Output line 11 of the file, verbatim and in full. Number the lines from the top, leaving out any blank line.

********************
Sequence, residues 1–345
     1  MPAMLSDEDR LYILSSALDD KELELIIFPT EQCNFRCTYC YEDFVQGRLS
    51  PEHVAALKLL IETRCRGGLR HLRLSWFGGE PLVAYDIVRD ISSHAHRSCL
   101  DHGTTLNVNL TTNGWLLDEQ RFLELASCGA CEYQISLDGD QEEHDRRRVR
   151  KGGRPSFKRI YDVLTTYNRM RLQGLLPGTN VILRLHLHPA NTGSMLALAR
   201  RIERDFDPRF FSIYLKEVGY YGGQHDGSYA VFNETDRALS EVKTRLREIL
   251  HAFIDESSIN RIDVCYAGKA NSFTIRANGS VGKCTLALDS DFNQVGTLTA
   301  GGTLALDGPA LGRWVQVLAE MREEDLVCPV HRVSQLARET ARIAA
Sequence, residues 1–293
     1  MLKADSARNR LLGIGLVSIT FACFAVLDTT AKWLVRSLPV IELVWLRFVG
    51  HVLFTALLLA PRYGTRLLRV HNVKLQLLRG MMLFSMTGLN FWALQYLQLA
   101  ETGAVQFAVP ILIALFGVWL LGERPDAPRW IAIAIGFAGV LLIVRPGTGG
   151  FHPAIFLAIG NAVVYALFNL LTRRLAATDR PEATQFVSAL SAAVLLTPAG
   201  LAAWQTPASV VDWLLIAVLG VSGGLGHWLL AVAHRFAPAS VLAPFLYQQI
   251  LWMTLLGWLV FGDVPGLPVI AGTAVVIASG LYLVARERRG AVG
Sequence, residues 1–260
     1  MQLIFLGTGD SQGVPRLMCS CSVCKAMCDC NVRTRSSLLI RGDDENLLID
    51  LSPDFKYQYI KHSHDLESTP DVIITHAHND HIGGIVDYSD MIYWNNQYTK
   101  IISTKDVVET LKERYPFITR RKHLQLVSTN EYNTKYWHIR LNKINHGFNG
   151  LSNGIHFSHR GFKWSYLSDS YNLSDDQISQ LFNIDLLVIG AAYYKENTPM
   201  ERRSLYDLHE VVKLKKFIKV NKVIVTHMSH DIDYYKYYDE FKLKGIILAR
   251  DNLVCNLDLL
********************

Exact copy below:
    51  HVLFTALLLA PRYGTRLLRV HNVKLQLLRG MMLFSMTGLN FWALQYLQLA